Watson, when I mentioned I was going to be watching The Apartment for this project, mentioned that it is one of the rare comedies to win Best Picture. A quick check shows that, if you don’t count musicals (and I don’t), then there are only two such comedies.
I’ll get to the other one later. For now, let’s look at 1960’s The Apartment.
The Apartment is the story of CC Baxter (Jack Lemmon), a put-upon, fussy guy who has a nice apartment. Or, at least, he has a convenient apartment that he doesn’t get to use very often. He’s a number cruncher for a big insurance company who often works late because various managers and supervisors at his company use his apartment as a freewheeling bachelor pad to entertain their mistresses and girlfriends rather than see their wives. As is often the case, Baxter can’t go home and will even leave his apartment to sleep on a park bench when some philandering jackass has a potential one-night stand who looks like Marilyn Monroe. He may have one outlet: the cute elevator operator Fran Kubelik (Shirley MacLaine) that he flirts with a little in a fairly harmless way if you don’t see the harm in flirting with someone at work.
My guess is that would be more frowned upon today.
Why does Baxter do all this? Well, he’s hoping it will get him a long-promised promotion. He actually does get it when the latest addition to his revolving key party, Big Boss Jeff Sheldrake (Fred MacMurray), starts to make use of the place. Who does Sheldrake take to Baxter’s place? Miss Kubelik.
There’s a lot to like about this movie. It has aged a bit better than it should, considering it is sort of a sex comedy that, due to being made in 1960, can’t really talk directly about sex. Baxter suffers from clearly lacking a spine as various philandering party guys keep using his living space as if he can be packed up and moved out at any moment. When he finally does get the promotion, it seems as if he is still expected to give up his key to anyone who asks. Yes, he climbs the corporate ladder, but it isn’t because of his work ethic or the quality of his overall performance. It’s because he’s a doormat.
As it is, Miss Kubelik doesn’t have it much better. She’s fallen for Sheldrake’s lines, and as she learns she isn’t the first person, and as Sheldrake’s idea of a good Christmas gift for someone he’s claimed he cares about is $100 (a gift that is both impersonal and implies Kubelik is little better than Sheldrake’s prostitute), she attempts to take her own life with an overdose of sleeping pills in Baxter’s apartment. She survives, but as she isn’t going anywhere for a while, Baxter and Kubelik manage to get to know each other.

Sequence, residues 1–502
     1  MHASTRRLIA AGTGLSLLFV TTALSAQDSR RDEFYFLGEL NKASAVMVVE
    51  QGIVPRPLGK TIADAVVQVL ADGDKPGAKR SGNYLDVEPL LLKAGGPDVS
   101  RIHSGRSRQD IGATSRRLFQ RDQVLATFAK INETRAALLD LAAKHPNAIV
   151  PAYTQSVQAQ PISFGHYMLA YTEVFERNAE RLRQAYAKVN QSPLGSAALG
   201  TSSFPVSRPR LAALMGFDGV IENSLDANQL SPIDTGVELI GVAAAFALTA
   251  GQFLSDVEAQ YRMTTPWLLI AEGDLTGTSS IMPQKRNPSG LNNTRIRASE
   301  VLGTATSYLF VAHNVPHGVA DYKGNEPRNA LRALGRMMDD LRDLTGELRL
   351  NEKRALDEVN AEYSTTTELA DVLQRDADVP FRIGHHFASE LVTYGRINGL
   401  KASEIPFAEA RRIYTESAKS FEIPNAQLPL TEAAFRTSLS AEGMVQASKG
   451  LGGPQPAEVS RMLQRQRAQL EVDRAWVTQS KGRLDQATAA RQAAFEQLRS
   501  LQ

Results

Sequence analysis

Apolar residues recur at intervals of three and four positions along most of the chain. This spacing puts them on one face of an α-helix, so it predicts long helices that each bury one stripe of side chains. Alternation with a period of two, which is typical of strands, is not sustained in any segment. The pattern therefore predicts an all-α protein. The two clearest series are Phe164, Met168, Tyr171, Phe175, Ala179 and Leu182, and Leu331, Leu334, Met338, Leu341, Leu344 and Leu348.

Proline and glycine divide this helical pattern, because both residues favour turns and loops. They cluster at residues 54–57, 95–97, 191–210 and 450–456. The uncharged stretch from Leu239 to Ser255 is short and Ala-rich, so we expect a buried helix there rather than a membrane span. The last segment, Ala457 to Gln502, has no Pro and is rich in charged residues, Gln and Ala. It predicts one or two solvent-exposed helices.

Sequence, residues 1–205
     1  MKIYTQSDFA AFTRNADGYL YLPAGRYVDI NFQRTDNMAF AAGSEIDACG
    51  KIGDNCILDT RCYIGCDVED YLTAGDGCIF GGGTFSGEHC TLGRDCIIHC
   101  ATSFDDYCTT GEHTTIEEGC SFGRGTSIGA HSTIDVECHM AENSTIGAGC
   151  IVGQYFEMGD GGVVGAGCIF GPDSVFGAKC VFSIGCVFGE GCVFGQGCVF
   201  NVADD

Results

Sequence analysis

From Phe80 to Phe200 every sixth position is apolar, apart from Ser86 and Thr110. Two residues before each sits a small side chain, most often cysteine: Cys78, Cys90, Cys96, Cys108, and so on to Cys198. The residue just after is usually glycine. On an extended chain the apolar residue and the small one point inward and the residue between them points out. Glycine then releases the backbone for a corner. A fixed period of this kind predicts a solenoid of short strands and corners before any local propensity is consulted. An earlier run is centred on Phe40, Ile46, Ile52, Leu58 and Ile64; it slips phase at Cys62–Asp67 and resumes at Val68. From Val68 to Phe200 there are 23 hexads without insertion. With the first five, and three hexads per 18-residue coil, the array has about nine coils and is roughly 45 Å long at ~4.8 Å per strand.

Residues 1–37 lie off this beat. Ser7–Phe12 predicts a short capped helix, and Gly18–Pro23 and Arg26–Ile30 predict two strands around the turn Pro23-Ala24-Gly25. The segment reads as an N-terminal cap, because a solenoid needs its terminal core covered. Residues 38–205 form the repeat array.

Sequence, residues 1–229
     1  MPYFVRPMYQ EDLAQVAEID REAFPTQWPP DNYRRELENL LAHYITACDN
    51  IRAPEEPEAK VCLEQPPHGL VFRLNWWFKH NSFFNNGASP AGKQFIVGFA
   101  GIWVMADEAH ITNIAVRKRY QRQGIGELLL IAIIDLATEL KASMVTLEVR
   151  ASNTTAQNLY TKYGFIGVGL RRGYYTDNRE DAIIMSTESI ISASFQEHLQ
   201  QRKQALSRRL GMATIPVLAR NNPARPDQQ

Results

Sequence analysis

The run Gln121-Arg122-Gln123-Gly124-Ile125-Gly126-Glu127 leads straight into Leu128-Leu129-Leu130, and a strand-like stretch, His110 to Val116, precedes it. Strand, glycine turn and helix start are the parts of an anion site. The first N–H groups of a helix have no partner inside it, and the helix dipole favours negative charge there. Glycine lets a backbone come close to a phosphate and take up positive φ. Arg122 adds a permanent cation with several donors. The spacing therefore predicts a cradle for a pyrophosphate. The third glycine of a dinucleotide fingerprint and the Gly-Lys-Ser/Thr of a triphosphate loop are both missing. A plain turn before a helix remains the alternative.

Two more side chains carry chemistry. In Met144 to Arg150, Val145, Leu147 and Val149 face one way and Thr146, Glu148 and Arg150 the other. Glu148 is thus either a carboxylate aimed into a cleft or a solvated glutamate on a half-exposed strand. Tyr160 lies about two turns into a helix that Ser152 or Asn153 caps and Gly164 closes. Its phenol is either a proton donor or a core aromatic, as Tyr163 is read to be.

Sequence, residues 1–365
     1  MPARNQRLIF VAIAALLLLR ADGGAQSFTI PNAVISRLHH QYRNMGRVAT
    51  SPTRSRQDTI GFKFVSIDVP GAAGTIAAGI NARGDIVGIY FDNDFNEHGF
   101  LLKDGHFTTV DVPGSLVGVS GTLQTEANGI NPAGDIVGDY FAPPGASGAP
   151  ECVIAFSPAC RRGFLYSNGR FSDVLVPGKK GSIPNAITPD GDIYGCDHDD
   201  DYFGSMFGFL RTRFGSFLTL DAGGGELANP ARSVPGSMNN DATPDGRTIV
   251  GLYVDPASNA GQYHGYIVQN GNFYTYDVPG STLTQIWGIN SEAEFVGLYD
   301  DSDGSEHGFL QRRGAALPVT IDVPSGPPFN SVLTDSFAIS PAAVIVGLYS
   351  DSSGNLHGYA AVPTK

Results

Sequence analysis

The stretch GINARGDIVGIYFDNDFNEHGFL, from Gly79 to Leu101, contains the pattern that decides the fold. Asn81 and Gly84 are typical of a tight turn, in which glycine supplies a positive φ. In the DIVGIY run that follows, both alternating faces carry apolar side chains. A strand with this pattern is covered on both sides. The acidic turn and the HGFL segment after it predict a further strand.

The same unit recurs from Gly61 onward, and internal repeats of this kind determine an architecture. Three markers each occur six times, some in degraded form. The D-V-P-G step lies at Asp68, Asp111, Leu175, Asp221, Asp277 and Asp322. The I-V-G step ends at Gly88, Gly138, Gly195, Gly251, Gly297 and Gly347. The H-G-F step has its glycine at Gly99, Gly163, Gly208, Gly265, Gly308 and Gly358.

The crux here is both Baxter and Kubelik are, in their own ways, very lonely people. Baxter never really gets out and relies on TV dinners in front of the TV on those few nights when he actually is able to stay home. Plus, not only do his company’s managers see no problem pushing him out on a routine basis, but his neighbors never see the men and only see and hear the various women, assuming Baxter is the worst kind of swinging bachelor. The highlight of that misconception may be when Kubelik’s brother-in-law comes to claim her, believing Baxter is the one responsible for his disappearance and her attempted suicide.
Essentially, Baxter has never been allowed to show people who he really is.
And, as it turns out, the same is true for Miss Kubelik. She and Baxter are both lonely people. Baxter is seen alternately as a pushover or a debauched sleaze. Kubelik is just some easy thing whose feelings aren’t important. As it is, Baxter is the only one who ever treats her like a person, someone with feelings and thoughts, and not just a sex object. The idea that Miss Kubelik could just be a nice young lady who wants a nice guy is alien to the other men in Baxter’s office, especially Sheldrake.
Then again, at one point, we learn Baxter looked up all kinds of personal information about Kubelik by checking her insurance information. Sure, she didn’t mind, but that sounds too much like stalker behavior to me.
Some things don’t age well.
The Apartment comes from director Billy Wilder. Wilder was a comedy genius, a man who made many funny movies over the course of his career, and whose tastes tended towards clever wordplay and situations. Working with frequent collaborate I.A.L. Diamond on the script, we see Baxter and Kubelik as two people who get along well and make a nice couple. Sure, the future for these two is uncertain at first, but that doesn’t make it any less of a nice romance between two people who finally found someone who legitimately loves them.
NEXT UP: The next few movies are ones I’ve never seen before, and heck, I’m not sure I’d ever even heard of 1951’s A Place in the Sun. It’s based on Theodore Dreiser’s An American Tragedy, a book I haven’t read either. I’ll need to rectify those gaps soon.